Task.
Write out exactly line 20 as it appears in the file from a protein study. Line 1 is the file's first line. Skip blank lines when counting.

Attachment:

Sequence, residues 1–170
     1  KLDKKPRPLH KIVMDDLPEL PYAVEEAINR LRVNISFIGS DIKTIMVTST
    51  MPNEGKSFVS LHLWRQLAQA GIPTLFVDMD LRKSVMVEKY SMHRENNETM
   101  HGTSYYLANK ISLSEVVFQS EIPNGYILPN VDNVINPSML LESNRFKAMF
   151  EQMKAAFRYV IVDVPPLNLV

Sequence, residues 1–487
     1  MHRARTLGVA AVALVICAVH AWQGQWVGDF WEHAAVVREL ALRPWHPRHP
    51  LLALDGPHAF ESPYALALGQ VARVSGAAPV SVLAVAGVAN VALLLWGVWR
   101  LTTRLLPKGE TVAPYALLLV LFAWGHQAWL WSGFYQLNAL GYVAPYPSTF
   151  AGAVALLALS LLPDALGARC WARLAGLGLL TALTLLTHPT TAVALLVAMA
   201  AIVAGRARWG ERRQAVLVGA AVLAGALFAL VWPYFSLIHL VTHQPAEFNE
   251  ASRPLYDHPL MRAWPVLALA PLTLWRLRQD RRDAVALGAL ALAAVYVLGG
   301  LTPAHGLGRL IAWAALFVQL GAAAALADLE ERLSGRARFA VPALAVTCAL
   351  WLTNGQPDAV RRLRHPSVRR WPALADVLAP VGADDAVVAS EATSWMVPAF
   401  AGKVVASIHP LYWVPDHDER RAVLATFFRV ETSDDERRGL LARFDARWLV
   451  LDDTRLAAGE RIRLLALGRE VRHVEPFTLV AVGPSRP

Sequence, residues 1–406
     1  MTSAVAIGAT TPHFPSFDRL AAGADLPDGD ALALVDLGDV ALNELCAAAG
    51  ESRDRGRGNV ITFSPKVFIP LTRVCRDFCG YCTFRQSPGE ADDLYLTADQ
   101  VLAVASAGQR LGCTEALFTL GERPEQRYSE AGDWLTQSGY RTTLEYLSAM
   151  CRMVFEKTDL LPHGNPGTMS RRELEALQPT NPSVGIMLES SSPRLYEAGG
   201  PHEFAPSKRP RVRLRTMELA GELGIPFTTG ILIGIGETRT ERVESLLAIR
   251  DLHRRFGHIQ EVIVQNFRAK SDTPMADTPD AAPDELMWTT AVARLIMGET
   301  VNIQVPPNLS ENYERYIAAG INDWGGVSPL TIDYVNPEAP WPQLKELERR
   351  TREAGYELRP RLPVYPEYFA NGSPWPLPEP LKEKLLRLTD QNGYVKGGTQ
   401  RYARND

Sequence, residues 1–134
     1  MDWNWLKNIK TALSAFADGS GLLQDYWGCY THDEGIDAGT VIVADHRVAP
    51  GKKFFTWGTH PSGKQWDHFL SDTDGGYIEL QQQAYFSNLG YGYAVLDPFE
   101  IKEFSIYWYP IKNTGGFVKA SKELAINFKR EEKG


   101  VLAVASAGQR LGCTEALFTL GERPEQRYSE AGDWLTQSGY RTTLEYLSAM